BEIJING (Reuters) - The hardline Chinese official removed last week as Communist Party chief of restive Tibet has been made head of the province in the center of contention over China's Catholics, giving him an influential role in another sensitive religious issue.

Zhang Qingli, who gained a reputation as an unyielding Communist Party secretary of heavily Buddhist Tibet, has been appointed party secretary of Hebei, the province surrounding Beijing, the Xinhua news agency reported late on Sunday.

Hebei, with a population of 70 million, is home to roughly a quarter of China's 8-12 million Roman Catholics.

Zhang, 60, was known for his tough stance against Tibet's exiled Buddhist leader the Dalai Lama, a man reviled by China as a separatist. The Nobel Peace Prize-winning monk denies advocating either violence or Tibetan independence.

Zhang was in charge of Tibet in 2008 when protests in the regional capital Lhasa gave way to deadly riots that rippled across other ethnic Tibetan areas. After the protests, he rained insults on the Dalai Lama, calling him a "jackal in Buddhist monk's robes."

Zhang's new post will give him an influential role in China's relationship with the Vatican, which is in dispute with Beijing over control of church affairs, especially appointing bishops.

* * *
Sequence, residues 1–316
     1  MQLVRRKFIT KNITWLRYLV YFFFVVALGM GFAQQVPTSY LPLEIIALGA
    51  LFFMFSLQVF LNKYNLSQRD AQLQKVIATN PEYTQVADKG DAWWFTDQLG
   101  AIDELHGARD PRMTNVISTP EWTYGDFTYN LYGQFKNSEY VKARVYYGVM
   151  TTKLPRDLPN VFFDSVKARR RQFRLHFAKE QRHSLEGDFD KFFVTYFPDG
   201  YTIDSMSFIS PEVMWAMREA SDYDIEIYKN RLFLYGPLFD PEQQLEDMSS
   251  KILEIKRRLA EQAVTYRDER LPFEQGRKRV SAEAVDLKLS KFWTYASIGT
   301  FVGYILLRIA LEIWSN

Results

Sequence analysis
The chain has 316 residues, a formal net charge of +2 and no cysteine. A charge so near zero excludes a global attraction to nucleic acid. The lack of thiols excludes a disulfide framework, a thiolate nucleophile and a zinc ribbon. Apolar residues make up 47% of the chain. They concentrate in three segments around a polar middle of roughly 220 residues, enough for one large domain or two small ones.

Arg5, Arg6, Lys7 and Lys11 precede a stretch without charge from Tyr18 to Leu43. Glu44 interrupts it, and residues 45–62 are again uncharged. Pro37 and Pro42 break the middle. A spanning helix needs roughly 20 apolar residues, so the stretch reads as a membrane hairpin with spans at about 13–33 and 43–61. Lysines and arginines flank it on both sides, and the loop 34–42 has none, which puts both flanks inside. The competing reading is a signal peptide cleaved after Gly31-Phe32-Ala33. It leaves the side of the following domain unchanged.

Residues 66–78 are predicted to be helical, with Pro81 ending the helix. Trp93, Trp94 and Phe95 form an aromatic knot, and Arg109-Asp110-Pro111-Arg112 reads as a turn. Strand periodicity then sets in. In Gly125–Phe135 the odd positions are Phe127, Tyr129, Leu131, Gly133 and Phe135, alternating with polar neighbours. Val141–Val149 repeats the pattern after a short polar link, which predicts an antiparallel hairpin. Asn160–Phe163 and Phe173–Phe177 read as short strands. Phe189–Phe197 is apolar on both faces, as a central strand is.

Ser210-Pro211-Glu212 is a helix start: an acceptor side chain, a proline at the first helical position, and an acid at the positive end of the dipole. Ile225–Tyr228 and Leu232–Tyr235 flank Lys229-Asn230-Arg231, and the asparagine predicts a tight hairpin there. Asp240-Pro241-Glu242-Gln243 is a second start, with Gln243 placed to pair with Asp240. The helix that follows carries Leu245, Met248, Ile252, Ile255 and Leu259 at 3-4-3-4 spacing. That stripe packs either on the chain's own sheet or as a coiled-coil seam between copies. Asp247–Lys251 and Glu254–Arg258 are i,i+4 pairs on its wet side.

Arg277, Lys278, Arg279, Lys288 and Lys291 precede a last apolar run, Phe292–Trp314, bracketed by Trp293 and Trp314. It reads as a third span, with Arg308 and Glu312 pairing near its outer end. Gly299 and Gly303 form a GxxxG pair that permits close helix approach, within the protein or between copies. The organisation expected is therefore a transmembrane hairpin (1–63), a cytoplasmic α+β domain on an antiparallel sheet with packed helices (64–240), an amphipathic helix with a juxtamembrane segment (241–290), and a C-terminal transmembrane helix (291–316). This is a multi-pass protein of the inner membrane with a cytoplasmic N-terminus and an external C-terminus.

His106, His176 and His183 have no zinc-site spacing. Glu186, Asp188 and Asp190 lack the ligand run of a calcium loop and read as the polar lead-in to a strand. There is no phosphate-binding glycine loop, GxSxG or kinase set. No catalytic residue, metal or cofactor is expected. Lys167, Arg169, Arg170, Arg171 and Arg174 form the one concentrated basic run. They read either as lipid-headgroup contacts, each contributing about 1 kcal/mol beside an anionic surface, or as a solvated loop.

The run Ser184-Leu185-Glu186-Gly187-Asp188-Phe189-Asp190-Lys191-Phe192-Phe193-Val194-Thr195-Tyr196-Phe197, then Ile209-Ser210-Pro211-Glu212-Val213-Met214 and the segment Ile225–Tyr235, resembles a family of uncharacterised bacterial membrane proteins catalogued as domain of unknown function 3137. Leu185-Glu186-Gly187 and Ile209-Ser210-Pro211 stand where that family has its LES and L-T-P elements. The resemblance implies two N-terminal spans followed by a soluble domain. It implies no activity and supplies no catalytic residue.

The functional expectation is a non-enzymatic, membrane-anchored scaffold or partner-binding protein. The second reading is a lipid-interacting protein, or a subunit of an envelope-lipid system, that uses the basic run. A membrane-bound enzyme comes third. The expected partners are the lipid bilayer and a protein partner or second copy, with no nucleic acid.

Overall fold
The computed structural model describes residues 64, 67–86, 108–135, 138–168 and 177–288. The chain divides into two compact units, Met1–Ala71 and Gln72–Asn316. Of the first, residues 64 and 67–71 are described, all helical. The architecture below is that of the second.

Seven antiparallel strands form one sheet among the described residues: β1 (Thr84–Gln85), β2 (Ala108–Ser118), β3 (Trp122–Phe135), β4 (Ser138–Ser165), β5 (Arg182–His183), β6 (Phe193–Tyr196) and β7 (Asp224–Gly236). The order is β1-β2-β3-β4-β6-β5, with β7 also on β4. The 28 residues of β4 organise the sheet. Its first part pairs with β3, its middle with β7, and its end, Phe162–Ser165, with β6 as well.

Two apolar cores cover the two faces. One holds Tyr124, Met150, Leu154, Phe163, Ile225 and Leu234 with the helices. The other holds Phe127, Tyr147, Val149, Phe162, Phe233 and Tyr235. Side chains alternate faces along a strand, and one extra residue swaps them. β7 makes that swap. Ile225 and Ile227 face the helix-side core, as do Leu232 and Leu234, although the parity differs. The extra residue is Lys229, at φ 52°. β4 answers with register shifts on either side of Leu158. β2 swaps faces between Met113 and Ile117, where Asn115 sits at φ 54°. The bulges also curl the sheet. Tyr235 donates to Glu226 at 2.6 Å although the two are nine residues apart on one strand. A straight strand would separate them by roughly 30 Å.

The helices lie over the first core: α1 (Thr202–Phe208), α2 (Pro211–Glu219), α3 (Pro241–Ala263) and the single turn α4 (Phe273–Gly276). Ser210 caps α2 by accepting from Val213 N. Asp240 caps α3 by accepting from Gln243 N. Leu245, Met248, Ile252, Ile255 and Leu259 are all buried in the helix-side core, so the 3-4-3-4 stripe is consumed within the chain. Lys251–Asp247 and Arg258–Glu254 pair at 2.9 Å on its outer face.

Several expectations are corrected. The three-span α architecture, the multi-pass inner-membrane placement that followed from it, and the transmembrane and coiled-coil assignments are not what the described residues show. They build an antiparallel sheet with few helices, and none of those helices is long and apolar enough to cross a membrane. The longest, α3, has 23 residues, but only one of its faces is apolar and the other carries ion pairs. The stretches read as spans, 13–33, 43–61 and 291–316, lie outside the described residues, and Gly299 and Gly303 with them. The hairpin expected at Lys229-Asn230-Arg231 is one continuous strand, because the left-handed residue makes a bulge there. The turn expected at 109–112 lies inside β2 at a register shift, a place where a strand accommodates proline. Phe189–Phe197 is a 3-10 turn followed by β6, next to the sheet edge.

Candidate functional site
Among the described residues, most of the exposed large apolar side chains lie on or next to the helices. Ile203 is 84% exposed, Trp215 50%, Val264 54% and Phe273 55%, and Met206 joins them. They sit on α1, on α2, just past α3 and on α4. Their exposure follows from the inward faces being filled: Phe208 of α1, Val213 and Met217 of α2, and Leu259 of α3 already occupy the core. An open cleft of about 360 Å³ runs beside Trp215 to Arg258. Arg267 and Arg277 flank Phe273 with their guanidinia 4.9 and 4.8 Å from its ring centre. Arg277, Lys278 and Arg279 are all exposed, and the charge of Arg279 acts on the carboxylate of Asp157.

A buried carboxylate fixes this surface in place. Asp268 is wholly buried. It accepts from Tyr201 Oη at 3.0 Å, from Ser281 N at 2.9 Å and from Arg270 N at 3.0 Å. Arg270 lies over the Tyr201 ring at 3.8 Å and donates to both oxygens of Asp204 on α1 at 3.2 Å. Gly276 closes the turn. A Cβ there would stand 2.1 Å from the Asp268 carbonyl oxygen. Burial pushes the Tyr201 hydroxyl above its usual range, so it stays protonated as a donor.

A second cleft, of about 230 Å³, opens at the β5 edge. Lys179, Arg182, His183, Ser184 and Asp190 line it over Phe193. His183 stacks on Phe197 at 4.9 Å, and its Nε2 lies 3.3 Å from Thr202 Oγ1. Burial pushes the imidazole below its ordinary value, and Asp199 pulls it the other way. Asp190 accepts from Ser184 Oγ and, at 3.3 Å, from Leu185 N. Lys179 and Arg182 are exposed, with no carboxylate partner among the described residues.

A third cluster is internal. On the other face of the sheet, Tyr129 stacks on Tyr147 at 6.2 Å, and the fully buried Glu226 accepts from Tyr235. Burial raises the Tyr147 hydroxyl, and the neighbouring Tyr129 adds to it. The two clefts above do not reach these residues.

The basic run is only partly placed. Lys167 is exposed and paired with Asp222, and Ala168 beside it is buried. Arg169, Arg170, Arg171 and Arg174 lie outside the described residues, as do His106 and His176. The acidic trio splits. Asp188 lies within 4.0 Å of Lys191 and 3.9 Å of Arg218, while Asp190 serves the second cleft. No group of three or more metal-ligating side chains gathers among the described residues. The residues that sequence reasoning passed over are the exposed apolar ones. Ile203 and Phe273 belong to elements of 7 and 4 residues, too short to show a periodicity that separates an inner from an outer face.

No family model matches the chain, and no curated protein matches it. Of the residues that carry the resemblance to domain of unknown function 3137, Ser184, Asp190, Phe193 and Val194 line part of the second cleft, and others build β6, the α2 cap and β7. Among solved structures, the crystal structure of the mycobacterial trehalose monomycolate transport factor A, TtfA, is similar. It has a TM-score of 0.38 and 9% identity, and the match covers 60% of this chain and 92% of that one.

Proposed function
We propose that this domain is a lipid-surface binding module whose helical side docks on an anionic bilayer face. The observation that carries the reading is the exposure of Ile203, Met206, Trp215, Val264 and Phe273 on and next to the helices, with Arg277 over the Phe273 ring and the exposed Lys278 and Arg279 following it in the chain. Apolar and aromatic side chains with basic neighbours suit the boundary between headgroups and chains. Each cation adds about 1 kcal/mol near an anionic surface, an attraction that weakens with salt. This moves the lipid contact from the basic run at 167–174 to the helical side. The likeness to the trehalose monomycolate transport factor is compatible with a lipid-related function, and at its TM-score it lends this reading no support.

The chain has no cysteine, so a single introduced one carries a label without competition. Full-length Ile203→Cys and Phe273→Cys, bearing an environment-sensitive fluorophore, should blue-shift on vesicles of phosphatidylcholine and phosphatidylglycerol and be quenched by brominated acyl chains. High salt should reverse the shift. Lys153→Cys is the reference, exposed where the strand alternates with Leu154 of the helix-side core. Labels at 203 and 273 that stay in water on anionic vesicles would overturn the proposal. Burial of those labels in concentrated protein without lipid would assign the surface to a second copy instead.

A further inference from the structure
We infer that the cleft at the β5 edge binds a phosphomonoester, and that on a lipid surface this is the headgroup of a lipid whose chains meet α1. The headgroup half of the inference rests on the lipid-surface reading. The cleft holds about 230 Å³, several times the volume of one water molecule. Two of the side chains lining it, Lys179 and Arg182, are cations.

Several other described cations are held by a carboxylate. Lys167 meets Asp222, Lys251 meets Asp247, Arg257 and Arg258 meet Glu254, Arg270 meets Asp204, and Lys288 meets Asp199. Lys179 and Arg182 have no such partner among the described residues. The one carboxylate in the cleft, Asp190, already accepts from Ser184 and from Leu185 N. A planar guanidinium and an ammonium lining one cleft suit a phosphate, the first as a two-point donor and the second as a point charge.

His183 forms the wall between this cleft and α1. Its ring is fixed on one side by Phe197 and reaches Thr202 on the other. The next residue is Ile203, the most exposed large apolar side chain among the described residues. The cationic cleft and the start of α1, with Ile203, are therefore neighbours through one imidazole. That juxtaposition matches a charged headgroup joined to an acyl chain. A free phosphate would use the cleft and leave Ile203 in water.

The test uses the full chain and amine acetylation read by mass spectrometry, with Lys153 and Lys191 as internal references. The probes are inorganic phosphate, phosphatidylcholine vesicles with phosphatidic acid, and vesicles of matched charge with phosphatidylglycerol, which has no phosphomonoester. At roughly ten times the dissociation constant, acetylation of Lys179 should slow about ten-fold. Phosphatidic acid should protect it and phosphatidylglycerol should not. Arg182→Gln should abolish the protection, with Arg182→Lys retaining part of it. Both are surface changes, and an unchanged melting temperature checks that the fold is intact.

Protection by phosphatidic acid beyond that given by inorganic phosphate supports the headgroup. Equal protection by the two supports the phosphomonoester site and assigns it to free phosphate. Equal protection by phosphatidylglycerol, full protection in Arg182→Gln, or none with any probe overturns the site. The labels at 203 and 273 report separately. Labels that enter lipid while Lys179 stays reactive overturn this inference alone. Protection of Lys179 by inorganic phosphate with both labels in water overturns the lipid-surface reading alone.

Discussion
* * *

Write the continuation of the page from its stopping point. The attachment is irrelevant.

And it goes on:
China's Catholics are divided between a state-sanctioned church that has appointed bishops without the Vatican's approval and an "underground" wing wary of government ties. The underground church has deep roots in Hebei.

Late last year, 100 Catholic seminarians in Hebei demonstrated at the provincial government's religious affairs office, opposing the appointment of a government official to a senior post in their seminary, AsiaNews, a Catholic news service, reported at the time.

Pope Benedict has encouraged the two sides of the divided Chinese church to reconcile, and engaged in a low-key dialogue with Beijing. But Chinese authorities have appointed a succession of bishops without the Vatican's approval.

Last month, the Vatican denounced the ordination of a Chinese bishop without papal approval and excommunicated the bishop. Pope Benedict has said he "deplores" the way Chinese authorities have treated Chinese Catholics who want to remain faithful to Rome.

(Reporting by Chris Buckley; Editing by Ken Wills and Frederik Richter)

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